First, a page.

The Problem of Evil, Part 2 – God Behind Suffering?

By | January 19, 2016

In my previous post, I introduced the dilemma caused by the existence evil.

There is another angle which is unique to people of faith: believing that God specifically wills or allows bad things to happen for some good purpose. This one which is particularly troubling because it sounds really good in certain respects so long as it is not taken too far1. At first, it seems like the most reasonable way to resolve our dilemma.

What this response does, in an attempt to hold on to both God’s power and goodness, is effectively redefine goodness such as to include evil. Since God is good and is somehow involved (actively causing or allowing evil), the bad must in some way actually be good.

This could be seen as a way of effective resolving the problem of evil by denying evil exists. But it can also effectively be a way of saying that God isn’t all good. This idea the everything that happens according to God’s plan forces one to say that all evil is somehow God’s will, and unfortunately, some do say just this.

There are people who find this idea comforting. I believe this must be because they understand it to mean they can trust God since he is in control and will make things turn out for the best in the end. This trust is good and is the kind of faith we should all be striving for.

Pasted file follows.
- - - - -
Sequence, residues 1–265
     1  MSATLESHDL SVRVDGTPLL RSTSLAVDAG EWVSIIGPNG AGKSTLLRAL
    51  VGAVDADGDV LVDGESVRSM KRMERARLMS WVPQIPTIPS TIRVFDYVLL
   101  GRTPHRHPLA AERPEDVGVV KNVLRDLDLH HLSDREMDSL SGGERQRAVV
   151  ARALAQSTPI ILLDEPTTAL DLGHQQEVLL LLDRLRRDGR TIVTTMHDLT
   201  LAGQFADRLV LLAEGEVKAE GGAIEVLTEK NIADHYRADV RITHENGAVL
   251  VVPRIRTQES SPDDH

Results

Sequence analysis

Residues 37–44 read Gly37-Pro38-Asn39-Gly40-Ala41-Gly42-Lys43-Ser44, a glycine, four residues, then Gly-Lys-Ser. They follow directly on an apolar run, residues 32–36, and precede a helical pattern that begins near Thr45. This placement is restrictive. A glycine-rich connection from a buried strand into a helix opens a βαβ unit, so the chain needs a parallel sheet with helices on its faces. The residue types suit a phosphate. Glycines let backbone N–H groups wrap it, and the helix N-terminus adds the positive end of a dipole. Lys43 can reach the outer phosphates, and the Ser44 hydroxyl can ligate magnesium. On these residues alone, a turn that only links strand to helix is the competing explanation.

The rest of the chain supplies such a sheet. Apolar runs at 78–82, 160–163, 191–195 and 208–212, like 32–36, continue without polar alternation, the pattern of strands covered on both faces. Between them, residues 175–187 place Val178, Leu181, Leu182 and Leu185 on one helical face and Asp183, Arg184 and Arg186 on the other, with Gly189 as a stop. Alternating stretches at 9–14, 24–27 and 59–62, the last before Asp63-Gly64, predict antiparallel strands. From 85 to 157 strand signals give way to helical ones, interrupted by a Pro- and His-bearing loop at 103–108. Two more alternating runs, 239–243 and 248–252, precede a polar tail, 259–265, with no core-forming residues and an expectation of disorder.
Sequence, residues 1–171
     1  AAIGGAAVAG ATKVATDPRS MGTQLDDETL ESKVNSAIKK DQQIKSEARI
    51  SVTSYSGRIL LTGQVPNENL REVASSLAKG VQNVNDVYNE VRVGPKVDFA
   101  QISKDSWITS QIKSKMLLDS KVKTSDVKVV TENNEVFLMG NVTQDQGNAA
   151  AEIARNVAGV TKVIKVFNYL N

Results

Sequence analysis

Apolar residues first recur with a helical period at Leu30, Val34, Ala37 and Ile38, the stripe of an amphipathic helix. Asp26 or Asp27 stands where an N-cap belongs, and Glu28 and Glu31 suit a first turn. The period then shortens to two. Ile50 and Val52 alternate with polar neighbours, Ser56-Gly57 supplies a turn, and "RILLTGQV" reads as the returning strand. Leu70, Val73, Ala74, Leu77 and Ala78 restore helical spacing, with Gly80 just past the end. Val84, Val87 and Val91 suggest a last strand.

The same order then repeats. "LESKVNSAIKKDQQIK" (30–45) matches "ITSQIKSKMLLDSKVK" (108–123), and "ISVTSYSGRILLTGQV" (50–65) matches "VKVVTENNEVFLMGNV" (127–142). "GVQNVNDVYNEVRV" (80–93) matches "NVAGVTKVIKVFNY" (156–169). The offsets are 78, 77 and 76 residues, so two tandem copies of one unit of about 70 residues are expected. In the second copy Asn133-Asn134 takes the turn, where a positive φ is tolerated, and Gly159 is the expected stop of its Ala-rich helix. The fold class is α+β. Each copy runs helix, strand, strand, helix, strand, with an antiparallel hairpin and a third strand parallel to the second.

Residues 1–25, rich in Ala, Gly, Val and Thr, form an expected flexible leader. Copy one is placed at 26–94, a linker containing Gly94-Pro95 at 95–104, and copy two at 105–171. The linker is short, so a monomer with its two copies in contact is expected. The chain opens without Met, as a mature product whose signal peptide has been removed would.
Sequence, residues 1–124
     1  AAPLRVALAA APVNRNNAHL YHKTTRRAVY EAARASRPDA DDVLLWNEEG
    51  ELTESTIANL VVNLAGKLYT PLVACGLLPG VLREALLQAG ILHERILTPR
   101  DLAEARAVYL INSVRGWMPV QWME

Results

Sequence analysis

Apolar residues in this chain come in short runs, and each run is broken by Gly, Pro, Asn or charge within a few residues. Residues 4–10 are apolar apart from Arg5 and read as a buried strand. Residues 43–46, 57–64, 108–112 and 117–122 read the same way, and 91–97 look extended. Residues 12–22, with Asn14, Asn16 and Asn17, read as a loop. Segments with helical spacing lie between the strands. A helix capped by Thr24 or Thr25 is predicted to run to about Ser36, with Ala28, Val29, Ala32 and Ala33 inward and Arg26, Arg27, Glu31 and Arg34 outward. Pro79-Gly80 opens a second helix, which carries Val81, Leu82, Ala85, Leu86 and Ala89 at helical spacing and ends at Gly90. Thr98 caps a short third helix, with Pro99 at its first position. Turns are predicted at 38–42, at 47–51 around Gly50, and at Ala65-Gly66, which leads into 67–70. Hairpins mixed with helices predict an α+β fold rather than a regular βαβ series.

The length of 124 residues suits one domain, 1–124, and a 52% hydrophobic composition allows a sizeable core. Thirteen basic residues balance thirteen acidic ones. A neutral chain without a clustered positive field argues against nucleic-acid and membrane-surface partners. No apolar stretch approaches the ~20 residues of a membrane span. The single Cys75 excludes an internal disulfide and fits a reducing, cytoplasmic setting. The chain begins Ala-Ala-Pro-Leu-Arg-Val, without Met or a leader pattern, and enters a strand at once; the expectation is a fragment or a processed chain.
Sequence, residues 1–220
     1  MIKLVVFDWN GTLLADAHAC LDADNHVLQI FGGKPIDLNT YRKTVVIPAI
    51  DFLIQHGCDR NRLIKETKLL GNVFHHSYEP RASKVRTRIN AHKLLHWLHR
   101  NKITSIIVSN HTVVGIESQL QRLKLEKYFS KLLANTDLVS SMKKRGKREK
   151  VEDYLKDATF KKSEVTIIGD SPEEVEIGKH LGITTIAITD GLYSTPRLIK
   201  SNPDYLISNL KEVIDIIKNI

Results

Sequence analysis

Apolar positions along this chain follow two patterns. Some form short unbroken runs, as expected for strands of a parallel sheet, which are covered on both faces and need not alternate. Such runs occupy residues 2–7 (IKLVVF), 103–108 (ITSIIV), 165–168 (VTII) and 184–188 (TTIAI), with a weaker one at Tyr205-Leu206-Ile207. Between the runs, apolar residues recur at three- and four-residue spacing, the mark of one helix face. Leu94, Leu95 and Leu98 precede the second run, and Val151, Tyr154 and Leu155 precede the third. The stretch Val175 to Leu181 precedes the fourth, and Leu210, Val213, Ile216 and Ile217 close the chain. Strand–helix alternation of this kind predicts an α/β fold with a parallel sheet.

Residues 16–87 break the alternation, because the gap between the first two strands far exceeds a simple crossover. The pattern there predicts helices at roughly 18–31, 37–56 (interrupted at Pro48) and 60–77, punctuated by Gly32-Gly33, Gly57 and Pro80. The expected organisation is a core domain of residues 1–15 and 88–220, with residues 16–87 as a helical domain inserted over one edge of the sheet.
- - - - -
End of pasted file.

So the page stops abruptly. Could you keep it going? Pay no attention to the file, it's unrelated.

But if we get the idea that God causes evil to happen, this can serious affect our relationship with God negatively. It will be difficult to truly love this God. I believe we all have an intuitive understanding of what is good and what is evil. (Adam and Eve ate from the tree of the knowledge of good and evil after all.) So even if we try to believe that bad is somehow good consciously, I don’t think we will fool our subconscious convictions. It is for this reason that I say, when it boils down, this is in essence a special case of the position that God is not entirely good.

But there is an extremely important differentiation to make here. The Bible says, “We know that all things work together for the good of those who love God” (Romans 8:28 HCSB). However, this does not mean God specifically causes all things. The difference between God causing all things and God working through (despite) all things to bring them to a good end is big and important. (Unfortunately, some translations word this verse as “God causes everything to work together for the good” (NLT), which an uncareful reading makes sound like God is the cause behind evil, not simply that he works everything—even including evil—out for good in the end.)

In my next post, I begin to explain how I believe a couple of misconceptions have led us to this dilemma of evil.

1. One problem here could be caused by not distinguishing between the pain of positive discipline and tragic evil. God could arguably specifically allow certain pain and frustration in our lives in order to direct us. The problem is that people don’t differentiate between this and greater evil, and so think that God must also be behind a tsunami or mass shooting.

photo credit: Boko Haram via photopin (license)

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